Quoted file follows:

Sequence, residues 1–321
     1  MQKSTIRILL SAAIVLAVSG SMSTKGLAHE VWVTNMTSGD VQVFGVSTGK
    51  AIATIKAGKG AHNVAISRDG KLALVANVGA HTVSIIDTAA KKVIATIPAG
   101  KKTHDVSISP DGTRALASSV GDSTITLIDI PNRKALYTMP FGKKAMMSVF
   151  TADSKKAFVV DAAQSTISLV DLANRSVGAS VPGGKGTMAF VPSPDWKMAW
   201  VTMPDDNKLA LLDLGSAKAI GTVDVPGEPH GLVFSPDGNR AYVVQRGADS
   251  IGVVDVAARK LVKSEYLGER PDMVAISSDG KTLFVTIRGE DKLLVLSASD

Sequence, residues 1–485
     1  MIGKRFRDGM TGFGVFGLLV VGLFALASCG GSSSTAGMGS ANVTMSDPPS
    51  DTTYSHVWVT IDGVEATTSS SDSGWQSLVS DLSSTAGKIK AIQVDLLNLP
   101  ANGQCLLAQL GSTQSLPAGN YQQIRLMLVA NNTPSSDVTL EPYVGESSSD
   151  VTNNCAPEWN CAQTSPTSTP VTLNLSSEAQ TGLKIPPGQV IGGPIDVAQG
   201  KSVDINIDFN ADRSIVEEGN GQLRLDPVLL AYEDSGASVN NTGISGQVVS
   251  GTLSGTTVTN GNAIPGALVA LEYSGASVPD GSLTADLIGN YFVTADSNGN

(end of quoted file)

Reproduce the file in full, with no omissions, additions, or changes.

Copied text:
Sequence, residues 1–321
     1  MQKSTIRILL SAAIVLAVSG SMSTKGLAHE VWVTNMTSGD VQVFGVSTGK
    51  AIATIKAGKG AHNVAISRDG KLALVANVGA HTVSIIDTAA KKVIATIPAG
   101  KKTHDVSISP DGTRALASSV GDSTITLIDI PNRKALYTMP FGKKAMMSVF
   151  TADSKKAFVV DAAQSTISLV DLANRSVGAS VPGGKGTMAF VPSPDWKMAW
   201  VTMPDDNKLA LLDLGSAKAI GTVDVPGEPH GLVFSPDGNR AYVVQRGADS
   251  IGVVDVAARK LVKSEYLGER PDMVAISSDG KTLFVTIRGE DKLLVLSASD

Sequence, residues 1–485
     1  MIGKRFRDGM TGFGVFGLLV VGLFALASCG GSSSTAGMGS ANVTMSDPPS
    51  DTTYSHVWVT IDGVEATTSS SDSGWQSLVS DLSSTAGKIK AIQVDLLNLP
   101  ANGQCLLAQL GSTQSLPAGN YQQIRLMLVA NNTPSSDVTL EPYVGESSSD
   151  VTNNCAPEWN CAQTSPTSTP VTLNLSSEAQ TGLKIPPGQV IGGPIDVAQG
   201  KSVDINIDFN ADRSIVEEGN GQLRLDPVLL AYEDSGASVN NTGISGQVVS
   251  GTLSGTTVTN GNAIPGALVA LEYSGASVPD GSLTADLIGN YFVTADSNGN